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ESQL in FORTRAN Programs


Mimer SQL supports ESQL for ANSI FORTRAN-90 fixed format.

Source statements must be provided as fixed format, 80 byte records.

SQL Statement Format

The following sections discuss the SQL statement format.

Statement Delimiters

The leading delimiter EXEC SQL identifies SQL statements. The end of an SQL statement is marked by the end of the line when the following line does not begin with a continuation character. The FORTRAN-90 statement delimiter ; can also be used.

Example:
 EXEC SQL DELETE FROM countries

Margins

Statements (including delimiters) may be written anywhere between positions 7 and 72 inclusive.

Line Continuation

Line continuation rules for SQL statements are the same as those for ordinary FORTRAN statements. The continuation character is any character except space and 0 (zero) in position 6. The FORTRAN limitation of a maximum of 19 continuation lines per statement does not apply within SQL statements.

For a string constant, a white-space character (ASCII HEX-values 09 - 0D, or 20, i.e. <TAB>, <LF>, <VT>, <FF>, <CR> or <SP>), can be used to join two or more substrings. Each substring must be separately enclosed in delimiters.

Examples:
      EXEC SQL SELECT CODE, CURRENCY
 +                FROM MIMER_STORE.CURRENCIES
 +                WHERE CODE LIKE :CODE
 
      EXEC SQL COMMENT ON TABLE CURRENCIES IS
 +                        'Holds currency'<CR>
 +                        ' details'

Statement Numbers

Any labeled SQL statement in the source code will generate a CONTINUE statement during preprocessing. Declarative SQL statements used before the first executable SQL statement should not be labeled.

Comments

Comment lines, marked by * or C in position 1, may be written within SQL statements. The whole line following a comment mark is treated as a comment, and the following line must either be another comment or follow the continuation rules given above.

Note: Lines that are completely blank are not treated as comments by the
ESQL/FORTRAN preprocessor. The absence of a continuation character indicates the end of the previous statement, and a completely blank line may be used to structure comments in the output from the preprocessor. See Preprocessor Output Format for details.

FORTRAN-90 style comments may also be used, marked by the ! character (the text between the ! and the end-of-line is treated as a comment).

Debugging lines (marked with a D in position 1) are treated as comments by the preprocessor.

Host Variables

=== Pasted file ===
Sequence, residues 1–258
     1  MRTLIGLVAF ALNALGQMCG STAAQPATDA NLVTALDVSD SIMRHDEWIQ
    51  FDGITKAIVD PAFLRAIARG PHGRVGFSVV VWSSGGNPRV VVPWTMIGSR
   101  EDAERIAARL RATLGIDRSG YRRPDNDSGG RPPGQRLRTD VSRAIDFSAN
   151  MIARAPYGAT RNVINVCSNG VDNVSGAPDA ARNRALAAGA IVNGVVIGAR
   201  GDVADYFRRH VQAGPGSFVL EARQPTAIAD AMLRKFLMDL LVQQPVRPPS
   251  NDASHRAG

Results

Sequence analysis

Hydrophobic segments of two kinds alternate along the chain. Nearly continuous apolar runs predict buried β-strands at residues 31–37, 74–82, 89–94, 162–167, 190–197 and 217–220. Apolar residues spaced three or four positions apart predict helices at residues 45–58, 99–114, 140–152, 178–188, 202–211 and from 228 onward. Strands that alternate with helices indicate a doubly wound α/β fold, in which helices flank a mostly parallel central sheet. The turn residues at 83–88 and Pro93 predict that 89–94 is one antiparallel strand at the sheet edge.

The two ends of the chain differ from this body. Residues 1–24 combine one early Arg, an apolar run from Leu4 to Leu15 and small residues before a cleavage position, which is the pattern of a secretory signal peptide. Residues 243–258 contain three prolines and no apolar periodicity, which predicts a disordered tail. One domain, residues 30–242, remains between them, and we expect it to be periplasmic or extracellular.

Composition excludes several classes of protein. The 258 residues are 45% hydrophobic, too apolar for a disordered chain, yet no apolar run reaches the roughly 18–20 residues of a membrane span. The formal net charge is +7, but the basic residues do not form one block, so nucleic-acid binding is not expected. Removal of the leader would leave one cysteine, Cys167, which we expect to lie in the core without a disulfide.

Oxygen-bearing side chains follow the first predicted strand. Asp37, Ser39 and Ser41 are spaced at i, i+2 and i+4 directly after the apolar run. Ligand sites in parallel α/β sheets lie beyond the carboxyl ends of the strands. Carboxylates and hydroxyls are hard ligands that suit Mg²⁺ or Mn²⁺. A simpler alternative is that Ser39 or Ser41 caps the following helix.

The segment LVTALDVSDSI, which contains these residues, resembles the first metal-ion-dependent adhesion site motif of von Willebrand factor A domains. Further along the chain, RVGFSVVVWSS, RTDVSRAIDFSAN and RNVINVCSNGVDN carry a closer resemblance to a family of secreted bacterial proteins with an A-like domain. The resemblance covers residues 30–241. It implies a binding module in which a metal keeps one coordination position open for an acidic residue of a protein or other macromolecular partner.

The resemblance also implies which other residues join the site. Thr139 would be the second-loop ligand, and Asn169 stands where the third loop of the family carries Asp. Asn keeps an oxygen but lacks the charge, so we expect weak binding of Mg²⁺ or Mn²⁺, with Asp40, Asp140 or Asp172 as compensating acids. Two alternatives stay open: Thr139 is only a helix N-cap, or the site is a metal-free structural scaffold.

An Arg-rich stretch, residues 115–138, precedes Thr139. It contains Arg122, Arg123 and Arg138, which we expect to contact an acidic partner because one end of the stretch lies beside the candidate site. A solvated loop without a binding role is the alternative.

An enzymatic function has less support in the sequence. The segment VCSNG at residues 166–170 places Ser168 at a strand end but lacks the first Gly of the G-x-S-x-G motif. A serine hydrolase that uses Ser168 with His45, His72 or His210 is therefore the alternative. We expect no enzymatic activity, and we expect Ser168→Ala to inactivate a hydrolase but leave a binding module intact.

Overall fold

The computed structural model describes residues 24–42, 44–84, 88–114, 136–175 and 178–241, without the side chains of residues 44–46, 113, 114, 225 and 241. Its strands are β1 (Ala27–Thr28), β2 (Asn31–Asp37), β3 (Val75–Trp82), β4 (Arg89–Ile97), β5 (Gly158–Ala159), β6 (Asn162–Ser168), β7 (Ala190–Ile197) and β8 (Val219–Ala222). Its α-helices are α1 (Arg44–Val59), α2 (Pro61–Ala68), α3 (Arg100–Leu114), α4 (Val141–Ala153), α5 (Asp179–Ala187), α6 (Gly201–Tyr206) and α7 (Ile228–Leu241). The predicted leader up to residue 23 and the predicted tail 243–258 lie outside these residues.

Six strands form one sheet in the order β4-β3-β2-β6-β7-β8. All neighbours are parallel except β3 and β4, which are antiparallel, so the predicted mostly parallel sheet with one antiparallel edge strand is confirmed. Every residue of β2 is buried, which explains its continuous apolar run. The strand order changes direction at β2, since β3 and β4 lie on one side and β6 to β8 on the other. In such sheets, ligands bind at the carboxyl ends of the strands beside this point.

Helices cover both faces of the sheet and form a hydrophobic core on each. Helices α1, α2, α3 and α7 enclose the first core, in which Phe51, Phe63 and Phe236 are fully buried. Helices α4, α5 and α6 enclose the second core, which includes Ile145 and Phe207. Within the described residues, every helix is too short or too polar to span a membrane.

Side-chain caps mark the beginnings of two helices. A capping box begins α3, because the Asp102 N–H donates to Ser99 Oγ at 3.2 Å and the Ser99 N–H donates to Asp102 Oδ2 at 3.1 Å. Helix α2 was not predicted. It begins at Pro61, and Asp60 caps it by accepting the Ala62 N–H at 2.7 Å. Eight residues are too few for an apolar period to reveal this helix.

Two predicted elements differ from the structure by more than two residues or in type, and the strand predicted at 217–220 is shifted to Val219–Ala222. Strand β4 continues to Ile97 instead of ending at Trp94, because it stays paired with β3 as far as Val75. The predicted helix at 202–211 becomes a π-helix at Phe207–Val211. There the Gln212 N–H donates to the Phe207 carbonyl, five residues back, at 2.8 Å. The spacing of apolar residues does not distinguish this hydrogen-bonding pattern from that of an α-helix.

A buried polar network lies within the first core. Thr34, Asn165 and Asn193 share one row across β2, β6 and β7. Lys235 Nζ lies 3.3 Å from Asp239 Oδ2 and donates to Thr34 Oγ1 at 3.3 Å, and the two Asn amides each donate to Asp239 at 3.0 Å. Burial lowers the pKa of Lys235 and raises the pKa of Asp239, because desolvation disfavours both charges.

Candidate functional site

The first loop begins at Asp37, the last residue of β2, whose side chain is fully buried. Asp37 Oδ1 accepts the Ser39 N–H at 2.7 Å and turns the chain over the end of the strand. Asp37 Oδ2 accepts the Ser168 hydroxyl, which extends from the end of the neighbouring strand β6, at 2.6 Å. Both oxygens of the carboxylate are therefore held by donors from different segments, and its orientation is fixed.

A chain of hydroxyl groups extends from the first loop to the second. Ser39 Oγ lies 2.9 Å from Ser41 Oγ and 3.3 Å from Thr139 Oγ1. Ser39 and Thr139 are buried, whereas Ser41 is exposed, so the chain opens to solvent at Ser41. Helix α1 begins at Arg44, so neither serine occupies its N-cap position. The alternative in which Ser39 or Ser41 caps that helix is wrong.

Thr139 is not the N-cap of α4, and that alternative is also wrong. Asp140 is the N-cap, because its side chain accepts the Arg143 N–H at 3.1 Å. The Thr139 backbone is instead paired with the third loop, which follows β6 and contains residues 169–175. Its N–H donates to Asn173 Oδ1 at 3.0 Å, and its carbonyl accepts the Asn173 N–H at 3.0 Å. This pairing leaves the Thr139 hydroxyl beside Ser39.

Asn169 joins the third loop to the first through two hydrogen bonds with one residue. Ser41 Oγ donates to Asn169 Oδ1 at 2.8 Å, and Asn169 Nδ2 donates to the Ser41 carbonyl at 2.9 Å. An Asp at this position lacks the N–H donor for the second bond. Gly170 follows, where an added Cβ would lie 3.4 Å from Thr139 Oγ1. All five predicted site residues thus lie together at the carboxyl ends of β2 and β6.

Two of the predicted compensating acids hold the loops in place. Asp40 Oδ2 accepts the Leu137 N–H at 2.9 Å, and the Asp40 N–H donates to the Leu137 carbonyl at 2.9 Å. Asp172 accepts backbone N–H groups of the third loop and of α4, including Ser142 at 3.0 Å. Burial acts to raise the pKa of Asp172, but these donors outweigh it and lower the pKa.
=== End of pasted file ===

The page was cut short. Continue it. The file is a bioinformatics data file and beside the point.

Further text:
The following sections discuss declarations, SQL data type correspondence, value assignments, preprocessor output format and scope.

Declarations

Host variables used in SQL statements must be declared within the SQL DECLARE SECTION, delimited by the statements BEGIN DECLARE SECTION and END DECLARE SECTION.

Variables declared within the SQL DECLARE SECTION must conform to the following rules in order to be recognized by the SQL preprocessor:

A syntax diagram showing the variable declarations recognized by the ESQL/FORTRAN preprocessor is given below:



The data type declaration must be separated from the variable name by at least one space (which is not required in FORTRAN declarations outside the SQL DECLARE SECTION).

Thus the declaration:

     INTEGER*2A
 

is not recognized. The required formulation is:

     INTEGER*2 A
 

Lists of variables following a single default data type declaration are accepted. Any declarations in a list that are not valid in SQL contexts are ignored by the preprocessor. Thus, the following statement declares variables A and D as INTEGER*4 and B as INTEGER*2 for use in SQL statements, while the array C is ignored:

     INTEGER*4    A, B*2, C(10), D

SQL Data Type Correspondence

Valid host data types are listed below for each of the data types used in SQL statements.

SQL data type
FORTRAN data declaration
 SMALLINT
 INTEGER
 BIGINT
 INTEGER*2
 INTEGER*4
 INTEGER*8
 DECIMAL
 NUMERIC
 REAL*4
 FLOAT
 DOUBLE
 REAL
 REAL*8
 DOUBLE PRECISION
 CHARACTER
 VARCHAR
 DATETIME
 INTERVAL
 CHARACTER*n

The following additional points should be noted:

Value Assignments

The general rules for conversion of values between compatible but different data types, see of the Mimer SQL Reference Manual, apply to the transfer of data between the database and host variables, with the data type correspondence as given in the table above.

Preprocessor Output Format

Output from the ESQL/FORTRAN preprocessor retains SQL statements from the original source code as comments. The output follows the ANSI standard for record format, and should be compiled with a FORTRAN compiler set to accept ANSI standard. Comments within SQL statements are retained exactly as written.

Completely blank lines between SQL statements and following comments cause the preprocessor to write the comments after the generated SQL call. Otherwise comments immediately following SQL statements are output before the generated call. Debugging lines (using D in position 1) remain unchanged after preprocessing.

The preprocessed code is structured to reflect the structuring of the original source code.

Scope Rules

Host variables follows the same scope rules as ordinary variables in FORTRAN.

SQL descriptor names, cursor names and statement names must be unique within the compilation unit.

A compilation unit for FORTRAN is the same as a routine.


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